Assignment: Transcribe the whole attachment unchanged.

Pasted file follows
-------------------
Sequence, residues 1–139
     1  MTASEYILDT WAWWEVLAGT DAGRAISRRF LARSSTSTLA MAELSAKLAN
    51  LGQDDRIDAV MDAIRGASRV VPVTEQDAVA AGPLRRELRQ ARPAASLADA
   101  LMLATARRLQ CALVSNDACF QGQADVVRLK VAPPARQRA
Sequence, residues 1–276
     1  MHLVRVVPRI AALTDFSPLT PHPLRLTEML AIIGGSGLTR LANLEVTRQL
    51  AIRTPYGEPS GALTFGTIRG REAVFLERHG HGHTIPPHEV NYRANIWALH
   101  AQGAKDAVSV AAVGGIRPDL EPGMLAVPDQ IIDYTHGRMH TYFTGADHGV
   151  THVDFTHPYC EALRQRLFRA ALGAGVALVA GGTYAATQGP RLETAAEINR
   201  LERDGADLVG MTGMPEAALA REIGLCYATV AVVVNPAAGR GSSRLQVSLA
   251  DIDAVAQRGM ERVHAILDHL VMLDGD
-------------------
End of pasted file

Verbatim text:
Sequence, residues 1–139
     1  MTASEYILDT WAWWEVLAGT DAGRAISRRF LARSSTSTLA MAELSAKLAN
    51  LGQDDRIDAV MDAIRGASRV VPVTEQDAVA AGPLRRELRQ ARPAASLADA
   101  LMLATARRLQ CALVSNDACF QGQADVVRLK VAPPARQRA
Sequence, residues 1–276
     1  MHLVRVVPRI AALTDFSPLT PHPLRLTEML AIIGGSGLTR LANLEVTRQL
    51  AIRTPYGEPS GALTFGTIRG REAVFLERHG HGHTIPPHEV NYRANIWALH
   101  AQGAKDAVSV AAVGGIRPDL EPGMLAVPDQ IIDYTHGRMH TYFTGADHGV
   151  THVDFTHPYC EALRQRLFRA ALGAGVALVA GGTYAATQGP RLETAAEINR
   201  LERDGADLVG MTGMPEAALA REIGLCYATV AVVVNPAAGR GSSRLQVSLA
   251  DIDAVAQRGM ERVHAILDHL VMLDGD